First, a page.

A good salesman taught me - "When you have made the sale, stop selling". If you have identified "The Fox" (the hidden actual decision maker) and made your case with an erudite technical presentation all the rest is just noise, and can even be detrimental. After all 'decent marketing" is measured by a simple objective test - did it sell?

Even if you sell a dud and manage to avoid breach of contract litigation you cannot avoid the bad publicity and rumors of "that dog don't hunt".

A. Pagaltzis wrote:
* John Stanton <[EMAIL PROTECTED]> [2007-12-15 22:55]:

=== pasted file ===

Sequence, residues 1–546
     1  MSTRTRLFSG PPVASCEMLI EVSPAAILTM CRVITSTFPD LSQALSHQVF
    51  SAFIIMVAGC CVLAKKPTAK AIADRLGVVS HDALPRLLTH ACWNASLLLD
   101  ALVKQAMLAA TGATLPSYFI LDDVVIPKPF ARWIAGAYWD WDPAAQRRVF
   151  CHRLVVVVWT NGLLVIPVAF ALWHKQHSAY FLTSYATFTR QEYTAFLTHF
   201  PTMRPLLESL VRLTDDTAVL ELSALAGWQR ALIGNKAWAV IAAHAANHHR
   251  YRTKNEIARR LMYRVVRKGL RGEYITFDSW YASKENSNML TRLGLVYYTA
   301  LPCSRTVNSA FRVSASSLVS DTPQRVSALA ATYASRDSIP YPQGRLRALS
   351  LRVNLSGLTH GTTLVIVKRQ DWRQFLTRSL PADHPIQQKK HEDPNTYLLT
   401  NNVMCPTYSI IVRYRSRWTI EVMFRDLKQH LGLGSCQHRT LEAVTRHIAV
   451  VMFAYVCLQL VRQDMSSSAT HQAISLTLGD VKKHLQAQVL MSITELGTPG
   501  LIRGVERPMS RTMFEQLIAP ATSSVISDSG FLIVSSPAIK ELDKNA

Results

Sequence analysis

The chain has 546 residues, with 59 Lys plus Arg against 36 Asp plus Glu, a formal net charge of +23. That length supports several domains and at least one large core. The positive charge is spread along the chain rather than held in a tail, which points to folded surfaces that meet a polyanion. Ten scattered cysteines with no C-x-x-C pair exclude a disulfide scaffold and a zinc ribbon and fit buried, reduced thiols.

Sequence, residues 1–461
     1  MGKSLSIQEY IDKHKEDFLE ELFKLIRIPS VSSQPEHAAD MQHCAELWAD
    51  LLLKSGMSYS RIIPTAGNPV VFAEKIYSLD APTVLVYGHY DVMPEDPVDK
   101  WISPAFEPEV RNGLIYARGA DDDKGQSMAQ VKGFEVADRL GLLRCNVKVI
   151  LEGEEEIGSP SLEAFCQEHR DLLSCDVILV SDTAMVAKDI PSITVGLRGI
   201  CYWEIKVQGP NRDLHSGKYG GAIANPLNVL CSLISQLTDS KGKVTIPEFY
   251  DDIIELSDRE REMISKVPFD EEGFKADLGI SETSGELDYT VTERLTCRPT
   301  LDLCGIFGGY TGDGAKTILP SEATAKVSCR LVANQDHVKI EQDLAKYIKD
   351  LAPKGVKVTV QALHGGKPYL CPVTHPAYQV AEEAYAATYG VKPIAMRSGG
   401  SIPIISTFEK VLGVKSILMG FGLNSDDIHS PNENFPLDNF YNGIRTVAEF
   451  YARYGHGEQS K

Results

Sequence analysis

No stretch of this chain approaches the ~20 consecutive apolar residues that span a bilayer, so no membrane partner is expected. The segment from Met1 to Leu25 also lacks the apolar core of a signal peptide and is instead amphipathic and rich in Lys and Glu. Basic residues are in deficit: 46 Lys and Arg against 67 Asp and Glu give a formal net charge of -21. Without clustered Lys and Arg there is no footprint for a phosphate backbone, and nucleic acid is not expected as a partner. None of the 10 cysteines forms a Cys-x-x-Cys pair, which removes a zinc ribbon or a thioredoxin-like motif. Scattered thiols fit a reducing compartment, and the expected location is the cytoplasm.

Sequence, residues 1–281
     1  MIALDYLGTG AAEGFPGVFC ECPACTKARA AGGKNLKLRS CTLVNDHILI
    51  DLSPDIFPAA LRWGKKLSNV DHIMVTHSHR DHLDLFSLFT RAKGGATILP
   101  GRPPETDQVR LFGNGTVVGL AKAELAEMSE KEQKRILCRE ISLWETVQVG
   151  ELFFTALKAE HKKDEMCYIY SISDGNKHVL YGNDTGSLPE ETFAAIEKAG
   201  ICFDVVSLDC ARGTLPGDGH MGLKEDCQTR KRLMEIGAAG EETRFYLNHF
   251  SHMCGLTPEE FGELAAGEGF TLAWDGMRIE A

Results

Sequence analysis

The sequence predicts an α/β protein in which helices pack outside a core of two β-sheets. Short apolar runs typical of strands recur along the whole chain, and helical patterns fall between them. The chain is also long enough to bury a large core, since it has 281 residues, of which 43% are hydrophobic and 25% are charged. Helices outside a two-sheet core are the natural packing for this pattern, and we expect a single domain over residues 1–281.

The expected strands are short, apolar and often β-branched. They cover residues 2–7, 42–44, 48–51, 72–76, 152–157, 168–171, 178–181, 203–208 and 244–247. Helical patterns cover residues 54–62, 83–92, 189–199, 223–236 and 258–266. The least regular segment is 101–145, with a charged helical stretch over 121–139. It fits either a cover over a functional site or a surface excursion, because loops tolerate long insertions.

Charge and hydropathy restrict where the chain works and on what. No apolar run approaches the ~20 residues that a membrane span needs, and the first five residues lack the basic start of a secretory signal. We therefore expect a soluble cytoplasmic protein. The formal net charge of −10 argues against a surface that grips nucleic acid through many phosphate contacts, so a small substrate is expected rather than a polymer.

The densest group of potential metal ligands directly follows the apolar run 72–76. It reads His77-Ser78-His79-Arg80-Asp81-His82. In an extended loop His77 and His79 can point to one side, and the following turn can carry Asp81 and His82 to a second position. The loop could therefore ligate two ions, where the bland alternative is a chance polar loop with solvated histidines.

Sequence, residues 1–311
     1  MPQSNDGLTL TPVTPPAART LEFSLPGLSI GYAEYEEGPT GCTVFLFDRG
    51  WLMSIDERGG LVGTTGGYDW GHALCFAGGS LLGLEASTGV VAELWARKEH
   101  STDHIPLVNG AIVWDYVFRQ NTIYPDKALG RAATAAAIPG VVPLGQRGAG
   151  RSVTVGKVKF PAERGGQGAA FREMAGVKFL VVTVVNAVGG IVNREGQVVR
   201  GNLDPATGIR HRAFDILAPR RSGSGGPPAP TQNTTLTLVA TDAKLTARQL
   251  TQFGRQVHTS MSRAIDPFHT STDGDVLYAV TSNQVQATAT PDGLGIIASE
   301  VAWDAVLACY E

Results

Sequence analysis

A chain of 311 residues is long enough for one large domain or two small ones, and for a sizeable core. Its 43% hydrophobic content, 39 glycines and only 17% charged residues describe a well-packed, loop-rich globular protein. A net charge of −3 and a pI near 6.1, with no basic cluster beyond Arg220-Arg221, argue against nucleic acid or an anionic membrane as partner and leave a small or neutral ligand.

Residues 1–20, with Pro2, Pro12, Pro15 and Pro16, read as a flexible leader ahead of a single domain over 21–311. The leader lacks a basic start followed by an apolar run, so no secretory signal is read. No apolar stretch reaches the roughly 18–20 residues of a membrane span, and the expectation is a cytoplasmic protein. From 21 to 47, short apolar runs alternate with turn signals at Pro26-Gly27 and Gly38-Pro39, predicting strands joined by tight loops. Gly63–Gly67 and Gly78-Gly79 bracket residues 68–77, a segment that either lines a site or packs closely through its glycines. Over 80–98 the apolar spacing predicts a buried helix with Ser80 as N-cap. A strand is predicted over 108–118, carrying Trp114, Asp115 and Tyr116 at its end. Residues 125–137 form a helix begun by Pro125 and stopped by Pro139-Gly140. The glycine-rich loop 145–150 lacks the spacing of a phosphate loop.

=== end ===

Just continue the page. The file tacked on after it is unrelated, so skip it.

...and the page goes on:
Which is the better model?

False dilemma. Where there is a budget, there is no reason you
can’t have both a good product and at least decent marketing.

Even when the product isn’t good, it’s unlikely to be so useless
as to violate the terms of contract. Oracle seems to survive just
fine, say.

For the executive summary on the matter, read this short essay:

    “Enterprise software” is a social, not technical, phenomenon
    http://lists.canonical.org/pipermail/kragen-tol/2005-April/000772.html

Regards,


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